— Sarah Freed (@sar_freed) February 16, 2017
Laura Nelson and her son L.D. Nelson were lynched on May 25, 1911 near Okemah, the county seat of Okfuskee County, Oklahoma. Laura, her husband Austin, and their teenage son L.D. had been taken into custody after George Loney and three others arrived at their home on May 2, 1911 to investigate the theft of a cow. The son shot Loney, who then bled to death, while Laura was reportedly the first one to grab the gun and both were charged with murder.
Sourced through Scoop.it from: moorbey.wordpress.com
Today’s lynchings are now mostly by gun.
Author Dennis Childs discusses how a clause within the US Constitution’s 13th Amendment ushered in a system of “neoslavery.”
Sourced through Scoop.it from: www.truth-out.org
Guatemala’s recent history bears the mark of a 36 year long, painful internal armed conflict, during which the State systematically violated the rights of the Mayan population.
According to the Report of the Commission for the Historical Clarification of Human Rights Violations in Guatemala, 83.3 percent of the human rights violations were committed against them.
Indigenous women have particularly suffered from the conflict.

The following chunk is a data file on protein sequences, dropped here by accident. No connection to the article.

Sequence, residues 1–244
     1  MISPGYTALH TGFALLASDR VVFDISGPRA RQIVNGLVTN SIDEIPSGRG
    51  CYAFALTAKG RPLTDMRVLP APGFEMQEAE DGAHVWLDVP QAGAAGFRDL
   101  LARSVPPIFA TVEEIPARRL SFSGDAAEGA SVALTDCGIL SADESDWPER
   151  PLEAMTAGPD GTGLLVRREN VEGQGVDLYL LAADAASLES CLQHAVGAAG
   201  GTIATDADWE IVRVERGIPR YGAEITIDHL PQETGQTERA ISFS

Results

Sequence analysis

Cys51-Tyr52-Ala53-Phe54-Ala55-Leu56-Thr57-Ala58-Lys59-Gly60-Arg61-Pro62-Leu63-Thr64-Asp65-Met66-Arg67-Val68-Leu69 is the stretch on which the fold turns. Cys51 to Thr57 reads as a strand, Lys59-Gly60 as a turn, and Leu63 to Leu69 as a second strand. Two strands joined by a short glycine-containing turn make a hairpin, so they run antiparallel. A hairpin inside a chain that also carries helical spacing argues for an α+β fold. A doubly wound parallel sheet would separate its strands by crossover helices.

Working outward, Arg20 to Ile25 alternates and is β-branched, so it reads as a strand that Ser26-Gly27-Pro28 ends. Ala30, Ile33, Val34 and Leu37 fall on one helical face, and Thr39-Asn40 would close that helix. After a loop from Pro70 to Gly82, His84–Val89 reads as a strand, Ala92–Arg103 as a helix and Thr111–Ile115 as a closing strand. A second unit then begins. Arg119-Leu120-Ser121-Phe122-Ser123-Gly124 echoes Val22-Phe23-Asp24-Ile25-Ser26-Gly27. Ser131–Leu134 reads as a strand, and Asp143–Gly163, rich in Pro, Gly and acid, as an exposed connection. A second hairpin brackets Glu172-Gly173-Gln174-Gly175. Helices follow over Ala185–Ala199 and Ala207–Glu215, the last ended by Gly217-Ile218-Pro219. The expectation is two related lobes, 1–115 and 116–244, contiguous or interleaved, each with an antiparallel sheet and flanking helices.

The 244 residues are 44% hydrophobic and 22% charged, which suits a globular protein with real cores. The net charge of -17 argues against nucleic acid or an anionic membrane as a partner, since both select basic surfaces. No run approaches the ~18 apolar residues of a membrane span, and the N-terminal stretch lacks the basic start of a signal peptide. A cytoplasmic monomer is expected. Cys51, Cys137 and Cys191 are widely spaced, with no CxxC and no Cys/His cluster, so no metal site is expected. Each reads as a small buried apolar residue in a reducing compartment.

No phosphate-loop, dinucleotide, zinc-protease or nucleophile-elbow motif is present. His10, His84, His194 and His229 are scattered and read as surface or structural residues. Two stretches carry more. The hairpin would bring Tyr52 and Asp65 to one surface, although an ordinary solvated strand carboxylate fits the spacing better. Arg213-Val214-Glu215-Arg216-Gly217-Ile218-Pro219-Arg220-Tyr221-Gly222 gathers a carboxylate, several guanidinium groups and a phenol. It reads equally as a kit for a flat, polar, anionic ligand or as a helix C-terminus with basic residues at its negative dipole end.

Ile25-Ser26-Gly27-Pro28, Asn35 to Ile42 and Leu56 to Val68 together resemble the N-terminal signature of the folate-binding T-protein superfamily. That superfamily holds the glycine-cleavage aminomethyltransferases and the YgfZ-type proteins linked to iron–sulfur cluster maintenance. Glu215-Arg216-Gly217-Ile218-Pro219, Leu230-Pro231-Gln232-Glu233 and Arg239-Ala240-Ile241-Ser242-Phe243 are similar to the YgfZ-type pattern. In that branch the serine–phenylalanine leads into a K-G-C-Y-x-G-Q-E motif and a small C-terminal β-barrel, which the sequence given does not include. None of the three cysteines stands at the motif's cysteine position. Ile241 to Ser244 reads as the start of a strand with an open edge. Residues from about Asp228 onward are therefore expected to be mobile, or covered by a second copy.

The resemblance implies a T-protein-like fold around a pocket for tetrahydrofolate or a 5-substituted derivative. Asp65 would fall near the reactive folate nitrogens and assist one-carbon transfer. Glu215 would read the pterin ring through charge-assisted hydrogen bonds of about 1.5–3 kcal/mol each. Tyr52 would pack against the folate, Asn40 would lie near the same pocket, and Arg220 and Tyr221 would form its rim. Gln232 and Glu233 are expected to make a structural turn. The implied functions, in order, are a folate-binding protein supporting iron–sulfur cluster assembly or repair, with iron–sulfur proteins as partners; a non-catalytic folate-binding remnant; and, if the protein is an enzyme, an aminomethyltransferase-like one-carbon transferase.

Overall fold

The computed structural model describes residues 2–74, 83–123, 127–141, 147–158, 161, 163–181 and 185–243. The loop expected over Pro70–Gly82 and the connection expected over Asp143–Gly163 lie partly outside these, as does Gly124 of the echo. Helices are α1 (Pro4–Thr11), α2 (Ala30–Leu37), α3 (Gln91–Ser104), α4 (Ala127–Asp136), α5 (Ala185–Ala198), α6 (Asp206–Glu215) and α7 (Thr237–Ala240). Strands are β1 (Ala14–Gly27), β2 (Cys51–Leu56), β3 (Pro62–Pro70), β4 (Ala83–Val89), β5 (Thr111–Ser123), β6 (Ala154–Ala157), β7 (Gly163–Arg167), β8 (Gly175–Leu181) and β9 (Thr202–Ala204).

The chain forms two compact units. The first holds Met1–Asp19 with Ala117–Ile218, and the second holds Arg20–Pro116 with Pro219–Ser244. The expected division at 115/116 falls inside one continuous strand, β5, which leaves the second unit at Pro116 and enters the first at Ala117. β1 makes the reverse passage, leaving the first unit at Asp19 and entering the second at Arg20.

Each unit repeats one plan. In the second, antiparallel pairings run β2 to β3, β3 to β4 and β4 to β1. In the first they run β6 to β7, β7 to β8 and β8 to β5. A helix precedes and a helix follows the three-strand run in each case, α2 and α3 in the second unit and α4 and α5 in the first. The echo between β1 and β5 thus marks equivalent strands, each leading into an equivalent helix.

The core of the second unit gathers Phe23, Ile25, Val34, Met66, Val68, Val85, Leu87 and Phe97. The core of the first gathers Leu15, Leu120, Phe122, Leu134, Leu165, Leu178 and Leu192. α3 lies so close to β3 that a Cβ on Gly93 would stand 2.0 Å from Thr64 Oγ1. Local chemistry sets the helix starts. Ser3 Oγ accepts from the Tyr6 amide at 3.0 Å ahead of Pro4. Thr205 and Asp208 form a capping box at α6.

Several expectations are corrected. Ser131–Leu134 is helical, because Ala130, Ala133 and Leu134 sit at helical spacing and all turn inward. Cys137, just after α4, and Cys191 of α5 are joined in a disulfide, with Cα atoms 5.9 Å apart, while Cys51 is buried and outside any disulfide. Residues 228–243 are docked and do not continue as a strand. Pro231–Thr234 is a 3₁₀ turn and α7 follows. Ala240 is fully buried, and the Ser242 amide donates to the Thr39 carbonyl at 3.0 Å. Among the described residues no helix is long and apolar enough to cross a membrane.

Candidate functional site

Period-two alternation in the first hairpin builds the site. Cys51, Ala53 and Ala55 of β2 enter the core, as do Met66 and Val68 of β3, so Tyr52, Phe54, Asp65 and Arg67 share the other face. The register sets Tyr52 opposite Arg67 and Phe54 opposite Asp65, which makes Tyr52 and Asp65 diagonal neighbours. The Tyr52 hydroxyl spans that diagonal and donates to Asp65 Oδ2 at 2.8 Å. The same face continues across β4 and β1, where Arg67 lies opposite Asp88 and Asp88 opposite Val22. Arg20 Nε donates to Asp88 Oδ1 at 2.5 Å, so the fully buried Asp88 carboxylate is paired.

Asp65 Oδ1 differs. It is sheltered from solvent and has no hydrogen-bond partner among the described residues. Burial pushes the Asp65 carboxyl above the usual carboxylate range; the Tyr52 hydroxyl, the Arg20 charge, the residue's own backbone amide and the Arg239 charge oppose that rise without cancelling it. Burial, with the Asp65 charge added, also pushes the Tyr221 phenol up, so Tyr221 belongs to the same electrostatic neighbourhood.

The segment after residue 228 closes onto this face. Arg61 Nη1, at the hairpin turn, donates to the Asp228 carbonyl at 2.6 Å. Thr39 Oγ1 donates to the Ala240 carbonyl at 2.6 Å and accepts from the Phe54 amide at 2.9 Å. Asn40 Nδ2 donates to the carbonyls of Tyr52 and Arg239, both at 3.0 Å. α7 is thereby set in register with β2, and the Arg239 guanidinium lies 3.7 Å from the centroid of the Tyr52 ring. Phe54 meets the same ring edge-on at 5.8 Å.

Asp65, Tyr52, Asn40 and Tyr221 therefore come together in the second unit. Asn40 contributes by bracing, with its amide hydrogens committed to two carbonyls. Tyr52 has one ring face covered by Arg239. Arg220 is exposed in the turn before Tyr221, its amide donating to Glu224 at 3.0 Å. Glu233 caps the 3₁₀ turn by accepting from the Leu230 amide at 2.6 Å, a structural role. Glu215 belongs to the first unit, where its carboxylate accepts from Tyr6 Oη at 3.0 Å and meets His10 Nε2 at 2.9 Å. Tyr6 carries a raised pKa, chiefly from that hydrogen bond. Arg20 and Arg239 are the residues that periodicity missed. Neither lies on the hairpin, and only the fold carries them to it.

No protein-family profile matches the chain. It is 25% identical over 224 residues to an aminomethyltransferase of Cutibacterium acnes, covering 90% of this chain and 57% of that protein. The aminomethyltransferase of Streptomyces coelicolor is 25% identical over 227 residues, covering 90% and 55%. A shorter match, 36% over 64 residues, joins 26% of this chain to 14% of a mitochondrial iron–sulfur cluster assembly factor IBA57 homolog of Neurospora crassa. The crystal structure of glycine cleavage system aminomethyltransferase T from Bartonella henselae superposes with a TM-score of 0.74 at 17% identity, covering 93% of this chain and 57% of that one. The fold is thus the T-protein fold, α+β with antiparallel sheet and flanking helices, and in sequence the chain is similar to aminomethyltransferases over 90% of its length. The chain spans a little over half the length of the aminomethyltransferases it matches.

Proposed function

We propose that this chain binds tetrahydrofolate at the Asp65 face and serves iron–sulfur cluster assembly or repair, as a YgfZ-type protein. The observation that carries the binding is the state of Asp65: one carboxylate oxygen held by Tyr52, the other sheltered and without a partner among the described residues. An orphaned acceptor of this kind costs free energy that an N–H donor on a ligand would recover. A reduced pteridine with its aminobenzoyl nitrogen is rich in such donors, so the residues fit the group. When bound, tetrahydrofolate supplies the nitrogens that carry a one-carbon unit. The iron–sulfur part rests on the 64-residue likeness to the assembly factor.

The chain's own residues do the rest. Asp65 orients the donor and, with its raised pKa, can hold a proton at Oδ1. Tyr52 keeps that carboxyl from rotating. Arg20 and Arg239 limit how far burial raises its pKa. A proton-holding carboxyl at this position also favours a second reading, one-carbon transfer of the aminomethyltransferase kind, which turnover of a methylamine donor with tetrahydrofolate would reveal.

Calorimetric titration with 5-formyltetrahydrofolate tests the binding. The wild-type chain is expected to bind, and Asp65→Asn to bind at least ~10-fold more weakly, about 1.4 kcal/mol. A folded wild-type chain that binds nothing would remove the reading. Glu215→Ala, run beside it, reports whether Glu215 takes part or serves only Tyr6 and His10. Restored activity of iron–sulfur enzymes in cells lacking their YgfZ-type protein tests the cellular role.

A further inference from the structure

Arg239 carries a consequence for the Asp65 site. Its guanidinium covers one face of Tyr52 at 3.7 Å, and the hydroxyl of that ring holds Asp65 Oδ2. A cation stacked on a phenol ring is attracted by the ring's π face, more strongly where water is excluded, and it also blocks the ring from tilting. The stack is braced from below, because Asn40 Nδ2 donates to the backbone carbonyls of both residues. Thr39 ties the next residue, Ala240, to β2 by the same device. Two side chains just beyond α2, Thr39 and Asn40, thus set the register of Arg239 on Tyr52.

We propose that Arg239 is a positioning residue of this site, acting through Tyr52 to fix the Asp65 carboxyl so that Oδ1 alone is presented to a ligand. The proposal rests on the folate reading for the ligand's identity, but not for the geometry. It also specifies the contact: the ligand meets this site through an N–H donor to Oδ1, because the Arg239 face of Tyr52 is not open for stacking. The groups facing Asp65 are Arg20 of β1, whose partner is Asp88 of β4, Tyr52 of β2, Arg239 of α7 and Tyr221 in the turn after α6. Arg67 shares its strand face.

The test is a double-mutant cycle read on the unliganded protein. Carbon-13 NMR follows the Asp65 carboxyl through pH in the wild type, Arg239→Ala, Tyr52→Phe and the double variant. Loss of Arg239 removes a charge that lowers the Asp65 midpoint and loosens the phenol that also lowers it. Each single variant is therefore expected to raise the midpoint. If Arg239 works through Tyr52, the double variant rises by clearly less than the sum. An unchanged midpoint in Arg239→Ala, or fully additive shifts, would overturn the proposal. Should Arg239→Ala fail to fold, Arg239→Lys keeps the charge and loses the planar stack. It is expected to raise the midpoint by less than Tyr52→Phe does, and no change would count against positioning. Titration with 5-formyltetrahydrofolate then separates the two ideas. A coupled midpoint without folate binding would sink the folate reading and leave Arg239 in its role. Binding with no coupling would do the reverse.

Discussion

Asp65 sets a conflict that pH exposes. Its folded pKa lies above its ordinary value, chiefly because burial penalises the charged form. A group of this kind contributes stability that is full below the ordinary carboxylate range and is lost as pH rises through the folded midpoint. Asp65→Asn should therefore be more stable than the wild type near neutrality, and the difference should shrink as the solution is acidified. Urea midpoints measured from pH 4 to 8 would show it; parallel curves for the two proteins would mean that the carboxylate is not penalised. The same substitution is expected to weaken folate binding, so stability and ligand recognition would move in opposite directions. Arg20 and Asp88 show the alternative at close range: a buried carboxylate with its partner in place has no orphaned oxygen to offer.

Sourced through Scoop.it from: intercontinentalcry.org
Comment by: Eimhin
All the while the railways, as in India, and the canals were busy with the armed and guarded traffic of food and other forms of our wealth in pursuit of that ‘freedom’ bestowed by ‘the market’.
Sourced through Scoop.it from: fbreporter.org
The ‘invisible’ hand of ‘the market’.
The ‘invisible’ hand of ‘capitalism’.
It’s visible now!
Sourced through Scoop.it from: www.youtube.com
As the world marks the 70th anniversary of the single largest massacre in history, the mythology presenting the attack as justified is continuing to unravel.
Sourced through Scoop.it from: ushypocrisy.com
“But what are the future implications for society’s coming to terms with slavery?”
Does it matter whether or not we acknowledge the past so that we can ensure a more just future?
Does coming to terms with slavery mean historians should be advocating for policy reforms and other collective actions like peaceful protests?
What can I say and not say as a professional historian in uniform speaking on behalf of the federal government to the public?
Continue reading to see Andrew Pegoda’s response
Sourced through Scoop.it from: andrewpegoda.com
The U.S. still enslaves people through the prison industrial complex.
What are we gonna do about that?
A comedy routine explains America’s contradictory attitudes toward guns in the eyes of the world
Sourced through Scoop.it from: www.washingtonpost.com